James Stewart stars as a railroad man hired to secretly carry a payroll despite his suspected connections to outlaws
Aaron Green (Jonah Hill) has 72 hours to get a drunken junkie rock star (Russell Brand) to LA. Needless to say, this task proves to be like herding drunken junkie cats
As concepts go, the seemingly simple task of getting a famous ego to do, well, anything they don't want to do is such an obviously rich one, it's a wonder it hasn't been done hundreds of times. It's something that pops up briefly in plenty of films, but rarely forms the entire backbone of the narrative. In Get Him To The Greek, junior record exec Aaron Green (Jonah Hill) must escort British rock star Aldous Snow (Russell Brand) to a venue in LA. He has 72 hours. And unlike many of 2010's comedies so far, hilarity does indeed ensue.
Russell Brand proves here that the talent for comic acting suggested by his bit part as the same character in Forgetting Sarah Marshall was no fluke. He reprises the character as a lead this time out, only now he's an Aldous Snow who's off the wagon, off the road, and off the part of the map where the roads are marked. Although this all takes place in the same universe as Sarah Marshall, it's not a sequel, and Jonah Hill's character is not the same guy he played in the first film. So it's sort of a spin-off, but also sort of not - either way, it really, really, really doesn't matter; this is a Judd Apatow produced comedy, not a sci-fi-franchise pedant-magnet.
Although the two leads are excellent, the supporting roles are in danger of outshining them - Rose Byrne is hilarious as vulgar nouveau riche rock-poppet Jackie Q - think Liam Gallagher in a crotch exposing skirt - who dates Metallica drummer Lars Ulrich (cameoing as himself). Jackie Q's crude, spot-on music videos (including 'Ring Round My Rosie', directed by Brett Ratner, and 'Supertight', sample lyric: "It's gonna get precarious, I'm a motherfucking Stradivarius / This song's gonna get serious, rub your bow against my clitoris") spoof the hyper-sexualised world of promos for female artists, from Girls Aloud to Lady Gaga, and arguably hit the mark better than the generally straighter songs Aldous himself gets to perform.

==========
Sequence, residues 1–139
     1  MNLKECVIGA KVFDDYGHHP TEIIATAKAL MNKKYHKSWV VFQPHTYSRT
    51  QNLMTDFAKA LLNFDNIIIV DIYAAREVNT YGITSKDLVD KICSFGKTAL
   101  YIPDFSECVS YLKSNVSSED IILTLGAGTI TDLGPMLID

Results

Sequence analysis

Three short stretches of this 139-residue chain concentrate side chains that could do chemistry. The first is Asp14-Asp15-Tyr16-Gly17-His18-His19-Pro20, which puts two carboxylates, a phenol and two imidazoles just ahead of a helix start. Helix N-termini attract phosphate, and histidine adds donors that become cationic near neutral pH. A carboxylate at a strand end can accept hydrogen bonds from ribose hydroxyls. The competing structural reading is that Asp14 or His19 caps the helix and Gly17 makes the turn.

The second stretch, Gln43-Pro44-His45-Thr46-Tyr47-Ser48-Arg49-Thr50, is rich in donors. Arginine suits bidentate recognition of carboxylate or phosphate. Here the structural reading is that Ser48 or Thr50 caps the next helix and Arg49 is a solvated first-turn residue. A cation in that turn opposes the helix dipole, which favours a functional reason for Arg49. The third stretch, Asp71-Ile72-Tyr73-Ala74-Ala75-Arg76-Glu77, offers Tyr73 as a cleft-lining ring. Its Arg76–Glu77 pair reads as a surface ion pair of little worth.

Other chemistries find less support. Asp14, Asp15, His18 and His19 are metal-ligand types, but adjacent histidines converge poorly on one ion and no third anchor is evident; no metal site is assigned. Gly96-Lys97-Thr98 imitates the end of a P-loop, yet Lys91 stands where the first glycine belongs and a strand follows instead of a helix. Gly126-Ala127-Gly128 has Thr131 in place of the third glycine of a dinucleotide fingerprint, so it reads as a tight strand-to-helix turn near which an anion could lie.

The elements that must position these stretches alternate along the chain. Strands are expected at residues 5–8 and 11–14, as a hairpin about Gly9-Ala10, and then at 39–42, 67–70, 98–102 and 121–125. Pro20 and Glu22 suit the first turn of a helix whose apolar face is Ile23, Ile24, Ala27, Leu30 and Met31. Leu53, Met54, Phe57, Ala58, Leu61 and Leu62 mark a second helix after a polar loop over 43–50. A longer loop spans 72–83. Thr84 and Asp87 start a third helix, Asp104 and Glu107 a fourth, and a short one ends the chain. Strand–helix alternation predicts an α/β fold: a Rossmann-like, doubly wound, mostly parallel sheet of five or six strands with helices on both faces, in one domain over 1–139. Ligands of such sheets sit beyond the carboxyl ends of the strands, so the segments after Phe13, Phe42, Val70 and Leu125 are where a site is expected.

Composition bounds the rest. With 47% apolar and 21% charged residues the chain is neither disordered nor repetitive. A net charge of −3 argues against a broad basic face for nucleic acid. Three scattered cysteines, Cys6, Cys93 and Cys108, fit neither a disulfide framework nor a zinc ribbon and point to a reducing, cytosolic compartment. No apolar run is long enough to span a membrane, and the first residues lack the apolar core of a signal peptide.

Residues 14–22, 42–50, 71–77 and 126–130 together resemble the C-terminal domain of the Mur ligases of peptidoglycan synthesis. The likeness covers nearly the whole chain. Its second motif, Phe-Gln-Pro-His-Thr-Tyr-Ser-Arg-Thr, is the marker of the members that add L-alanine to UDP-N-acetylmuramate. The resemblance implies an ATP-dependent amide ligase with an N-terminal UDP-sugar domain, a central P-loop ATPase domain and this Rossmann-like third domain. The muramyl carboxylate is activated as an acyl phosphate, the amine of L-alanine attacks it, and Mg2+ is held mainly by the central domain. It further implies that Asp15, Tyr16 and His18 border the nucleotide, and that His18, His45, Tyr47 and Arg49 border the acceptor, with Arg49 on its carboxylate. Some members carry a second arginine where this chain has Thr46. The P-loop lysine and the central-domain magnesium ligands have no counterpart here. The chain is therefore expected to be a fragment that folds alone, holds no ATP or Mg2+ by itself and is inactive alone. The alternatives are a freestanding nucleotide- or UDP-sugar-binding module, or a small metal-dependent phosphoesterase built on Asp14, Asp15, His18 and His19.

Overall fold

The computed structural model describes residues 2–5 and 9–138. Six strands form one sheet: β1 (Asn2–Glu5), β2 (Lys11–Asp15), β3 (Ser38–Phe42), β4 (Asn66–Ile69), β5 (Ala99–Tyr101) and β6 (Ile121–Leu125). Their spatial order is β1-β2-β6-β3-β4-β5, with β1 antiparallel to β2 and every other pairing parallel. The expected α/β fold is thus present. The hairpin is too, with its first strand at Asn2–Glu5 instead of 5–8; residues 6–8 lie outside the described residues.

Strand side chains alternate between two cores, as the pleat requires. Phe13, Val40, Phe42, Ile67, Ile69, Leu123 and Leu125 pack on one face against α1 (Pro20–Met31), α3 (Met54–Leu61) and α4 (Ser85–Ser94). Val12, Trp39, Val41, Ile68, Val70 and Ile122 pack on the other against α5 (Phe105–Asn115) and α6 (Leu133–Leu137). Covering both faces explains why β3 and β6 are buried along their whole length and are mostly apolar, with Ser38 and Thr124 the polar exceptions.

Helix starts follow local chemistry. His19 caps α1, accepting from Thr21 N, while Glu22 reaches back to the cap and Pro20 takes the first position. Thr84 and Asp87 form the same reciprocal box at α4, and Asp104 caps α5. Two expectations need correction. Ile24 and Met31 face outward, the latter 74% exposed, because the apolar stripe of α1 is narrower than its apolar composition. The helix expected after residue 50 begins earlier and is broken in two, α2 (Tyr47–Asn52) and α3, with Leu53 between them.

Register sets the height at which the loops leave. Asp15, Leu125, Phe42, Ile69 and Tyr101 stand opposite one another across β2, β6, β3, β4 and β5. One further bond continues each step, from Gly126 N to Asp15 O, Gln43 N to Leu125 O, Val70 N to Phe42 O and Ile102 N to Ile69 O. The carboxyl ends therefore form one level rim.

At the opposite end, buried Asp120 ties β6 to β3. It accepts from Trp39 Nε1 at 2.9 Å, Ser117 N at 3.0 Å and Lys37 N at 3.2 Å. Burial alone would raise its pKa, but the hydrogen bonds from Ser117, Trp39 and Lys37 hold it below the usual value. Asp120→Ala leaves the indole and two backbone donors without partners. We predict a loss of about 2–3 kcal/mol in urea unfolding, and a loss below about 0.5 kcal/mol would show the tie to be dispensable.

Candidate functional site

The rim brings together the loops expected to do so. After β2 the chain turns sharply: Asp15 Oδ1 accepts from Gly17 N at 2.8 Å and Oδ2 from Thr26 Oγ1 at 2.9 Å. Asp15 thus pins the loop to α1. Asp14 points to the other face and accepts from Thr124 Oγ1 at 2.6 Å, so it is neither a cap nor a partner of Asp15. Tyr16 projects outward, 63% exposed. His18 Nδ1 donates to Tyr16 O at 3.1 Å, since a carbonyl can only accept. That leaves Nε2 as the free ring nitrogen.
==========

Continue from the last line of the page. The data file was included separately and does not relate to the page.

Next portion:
Not to give the impression that Hill and Brand own nothing about this film, but they're certainly subject to a bit of a supporting actor's heist, as another rampant focus-puller appears in the form of Aaron Green's record label boss. A demented creation named Sergio, fleshed out by Sean Combs (aka various silly rap names), he ram-raids everything of value from most of his scenes, and is all the better because he starts off relatively low-key before scaling the heights of trailer-friendly madness.
Unlike many Apatow/frat pack comedies, Get Him To The Greek doesn't feel the need to append an entire half hour's worth of hugging and learning to what should be a 90 minute comedy (see: the last half hour of The 40 Year Old Virgin, the last half hour of Wedding Crashers, the second hour of Funny People). There's 10 minutes of hugging and learning, tops. For this, and for those fantastic supporting characters, this rude, gag-strewn three-star comedy gets an extra star.
Get Him To The Greek has its fair share of dumb laughs, but the genuine comic highs and brilliant character work outweigh the lows - you'll laugh throughout.
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